he explains. “I remember one of my Yale classmates wrote that he had just been elected attorney general of Montana. I was 38 at the time and thought, ‘My God! Life is passing me by!’ I was moving my way up the corporate rungs, but as far as I knew, everyone else was doing so much more. “What I didn’t know,” Prince adds with a laugh, “was that half of the stories I read were ‘enlarged.’” But the die had been cast. Whenever he found a spare moment, Larry perused the “Business for Sale” listings in the newspaper. He tried to keep an open mind, but when he visited a place that manufactured ventriloquist dummies he didn’t need much time to say no. “I always believed that a chemical company should be run by chemists and an airplane company should be run by pilots,” Larry explains. In other words, he had no intention of singing while drinking a glass of water. Another company held a little more promise. Run by an 82-year-old Austrian man, the business sold delicate vegetable choppers from Europe. Larry was interested – but not for himself. Judy was on the lookout for a small business to run out of their Brooklyn brownstone and this niche market seemed like a perfect fit. Judy agreed to the plan and while she conducted research on the kitchen supply business, the negotiations between the old man and Larry began. “We made him three separate offers over the course of six months, and with each offer the answer was always the same: ‘No, no, no, no. It’s worth so much more than that.’” says Larry. “Finally I realized that this was never going to happen. He didn’t want to sell, he was just going through the motions to accommodate his wife. The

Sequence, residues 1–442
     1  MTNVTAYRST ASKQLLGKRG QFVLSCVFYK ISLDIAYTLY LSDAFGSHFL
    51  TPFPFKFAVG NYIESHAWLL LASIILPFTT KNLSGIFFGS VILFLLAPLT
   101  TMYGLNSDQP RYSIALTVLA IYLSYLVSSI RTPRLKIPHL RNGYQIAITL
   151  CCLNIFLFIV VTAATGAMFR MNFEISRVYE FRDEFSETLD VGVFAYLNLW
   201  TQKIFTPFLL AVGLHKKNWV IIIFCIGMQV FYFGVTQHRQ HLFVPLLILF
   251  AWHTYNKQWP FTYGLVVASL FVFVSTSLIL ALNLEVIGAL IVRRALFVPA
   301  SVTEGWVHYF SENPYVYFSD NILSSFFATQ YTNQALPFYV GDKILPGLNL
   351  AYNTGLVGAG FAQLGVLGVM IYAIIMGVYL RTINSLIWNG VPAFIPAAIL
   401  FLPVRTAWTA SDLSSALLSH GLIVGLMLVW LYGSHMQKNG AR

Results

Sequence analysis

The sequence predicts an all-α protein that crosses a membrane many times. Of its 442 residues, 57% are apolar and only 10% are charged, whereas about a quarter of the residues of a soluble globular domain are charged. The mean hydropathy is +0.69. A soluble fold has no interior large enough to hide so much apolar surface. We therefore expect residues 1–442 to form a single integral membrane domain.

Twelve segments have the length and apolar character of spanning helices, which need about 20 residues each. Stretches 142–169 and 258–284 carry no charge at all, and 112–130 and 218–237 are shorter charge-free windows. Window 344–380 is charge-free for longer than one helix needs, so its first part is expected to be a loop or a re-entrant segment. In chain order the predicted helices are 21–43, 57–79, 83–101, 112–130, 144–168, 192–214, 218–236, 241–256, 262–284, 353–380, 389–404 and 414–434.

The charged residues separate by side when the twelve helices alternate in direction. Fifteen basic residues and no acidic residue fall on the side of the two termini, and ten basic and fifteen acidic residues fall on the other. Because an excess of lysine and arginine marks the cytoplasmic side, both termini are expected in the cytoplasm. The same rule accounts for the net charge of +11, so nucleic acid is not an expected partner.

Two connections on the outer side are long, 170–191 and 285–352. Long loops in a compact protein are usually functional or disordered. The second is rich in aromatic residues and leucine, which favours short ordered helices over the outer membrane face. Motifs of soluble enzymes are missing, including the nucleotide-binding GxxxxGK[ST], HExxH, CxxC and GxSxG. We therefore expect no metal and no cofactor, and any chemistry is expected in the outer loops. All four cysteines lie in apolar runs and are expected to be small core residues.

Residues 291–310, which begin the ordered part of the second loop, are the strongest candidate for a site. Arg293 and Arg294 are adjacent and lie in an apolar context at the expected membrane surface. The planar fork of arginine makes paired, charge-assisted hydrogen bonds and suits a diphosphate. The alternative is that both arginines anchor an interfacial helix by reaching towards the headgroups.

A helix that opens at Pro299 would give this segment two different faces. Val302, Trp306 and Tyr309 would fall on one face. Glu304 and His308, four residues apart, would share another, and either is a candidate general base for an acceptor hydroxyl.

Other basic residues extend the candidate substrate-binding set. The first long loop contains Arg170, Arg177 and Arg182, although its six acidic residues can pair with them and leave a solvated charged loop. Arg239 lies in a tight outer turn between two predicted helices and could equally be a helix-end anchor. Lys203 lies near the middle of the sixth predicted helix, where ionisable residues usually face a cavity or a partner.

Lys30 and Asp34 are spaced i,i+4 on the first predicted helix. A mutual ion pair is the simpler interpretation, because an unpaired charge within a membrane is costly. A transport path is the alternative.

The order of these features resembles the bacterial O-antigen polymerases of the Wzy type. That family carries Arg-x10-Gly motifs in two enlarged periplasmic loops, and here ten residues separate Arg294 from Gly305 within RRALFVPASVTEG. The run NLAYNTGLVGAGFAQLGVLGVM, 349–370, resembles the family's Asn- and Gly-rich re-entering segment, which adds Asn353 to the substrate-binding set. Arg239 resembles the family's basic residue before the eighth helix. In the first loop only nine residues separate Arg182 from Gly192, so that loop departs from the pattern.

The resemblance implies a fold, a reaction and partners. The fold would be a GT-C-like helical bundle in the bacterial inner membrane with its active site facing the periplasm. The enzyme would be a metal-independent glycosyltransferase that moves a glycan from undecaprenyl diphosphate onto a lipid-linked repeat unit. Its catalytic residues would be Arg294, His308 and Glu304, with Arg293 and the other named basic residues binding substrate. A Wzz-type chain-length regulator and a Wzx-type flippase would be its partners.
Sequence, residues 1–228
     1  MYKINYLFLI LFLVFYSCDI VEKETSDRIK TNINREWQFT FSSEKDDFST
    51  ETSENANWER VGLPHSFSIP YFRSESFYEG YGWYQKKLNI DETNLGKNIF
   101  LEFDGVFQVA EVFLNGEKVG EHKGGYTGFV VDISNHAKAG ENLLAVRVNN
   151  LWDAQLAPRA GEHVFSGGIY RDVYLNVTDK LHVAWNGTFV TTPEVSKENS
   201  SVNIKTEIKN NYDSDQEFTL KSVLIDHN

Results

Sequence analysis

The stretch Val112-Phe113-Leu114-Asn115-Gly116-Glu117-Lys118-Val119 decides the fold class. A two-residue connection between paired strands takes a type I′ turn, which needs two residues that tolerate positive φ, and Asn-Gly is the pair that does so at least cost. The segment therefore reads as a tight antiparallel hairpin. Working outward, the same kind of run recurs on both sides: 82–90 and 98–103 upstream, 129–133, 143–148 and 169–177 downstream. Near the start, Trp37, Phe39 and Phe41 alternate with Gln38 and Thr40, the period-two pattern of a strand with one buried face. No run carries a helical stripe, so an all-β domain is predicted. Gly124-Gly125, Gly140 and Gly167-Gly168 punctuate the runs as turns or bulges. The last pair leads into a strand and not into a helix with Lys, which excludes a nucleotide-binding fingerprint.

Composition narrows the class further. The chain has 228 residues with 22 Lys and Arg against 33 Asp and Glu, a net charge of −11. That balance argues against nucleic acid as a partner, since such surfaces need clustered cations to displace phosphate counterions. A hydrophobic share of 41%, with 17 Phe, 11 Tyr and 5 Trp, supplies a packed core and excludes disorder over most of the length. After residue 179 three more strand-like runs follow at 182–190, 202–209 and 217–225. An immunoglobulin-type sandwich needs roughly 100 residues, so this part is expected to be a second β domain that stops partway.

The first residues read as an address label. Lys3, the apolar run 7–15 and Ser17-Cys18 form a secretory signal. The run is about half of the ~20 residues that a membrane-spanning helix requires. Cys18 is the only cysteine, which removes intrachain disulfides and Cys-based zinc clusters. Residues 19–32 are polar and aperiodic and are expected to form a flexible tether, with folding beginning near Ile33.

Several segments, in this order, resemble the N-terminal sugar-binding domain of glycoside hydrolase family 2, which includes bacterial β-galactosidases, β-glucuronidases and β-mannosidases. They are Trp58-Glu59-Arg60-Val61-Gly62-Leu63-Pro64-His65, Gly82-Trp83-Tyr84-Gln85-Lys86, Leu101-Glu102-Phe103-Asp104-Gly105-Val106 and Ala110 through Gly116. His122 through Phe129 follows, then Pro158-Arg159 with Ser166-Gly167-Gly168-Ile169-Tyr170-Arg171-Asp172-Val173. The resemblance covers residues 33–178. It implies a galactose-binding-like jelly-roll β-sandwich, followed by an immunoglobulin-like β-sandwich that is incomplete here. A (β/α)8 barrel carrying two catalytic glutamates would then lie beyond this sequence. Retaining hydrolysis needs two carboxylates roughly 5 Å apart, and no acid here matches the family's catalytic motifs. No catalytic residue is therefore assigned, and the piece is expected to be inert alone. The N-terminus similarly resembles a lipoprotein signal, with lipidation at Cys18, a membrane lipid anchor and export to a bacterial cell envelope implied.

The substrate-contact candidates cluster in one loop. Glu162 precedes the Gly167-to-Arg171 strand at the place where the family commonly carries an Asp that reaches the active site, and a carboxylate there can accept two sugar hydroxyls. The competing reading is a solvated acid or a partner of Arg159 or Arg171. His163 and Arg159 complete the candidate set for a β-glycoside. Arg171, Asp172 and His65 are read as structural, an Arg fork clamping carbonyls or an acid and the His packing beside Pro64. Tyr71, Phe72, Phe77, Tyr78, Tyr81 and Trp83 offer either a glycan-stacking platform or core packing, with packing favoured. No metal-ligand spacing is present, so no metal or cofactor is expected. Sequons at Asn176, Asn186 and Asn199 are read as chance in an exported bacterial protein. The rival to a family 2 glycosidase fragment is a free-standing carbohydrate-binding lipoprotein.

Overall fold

couple had no children and, to this man, the business was his child.” After the last offer, Larry delivered the

So he quit Pfizer and joined his wife – still with the intention of eventually finding a business of his own. Some 35 years later Larry is still at J.B. Prince and has no plans on going anywhere. He and Judy are too proud of their business, and would be too worried about its future if they were to ever sell it to an outsider. “We could be a Harvard Business School case study on what not to do,” Larry says. “We are a warehouse business in the middle of Manhattan. Anyone with an MBA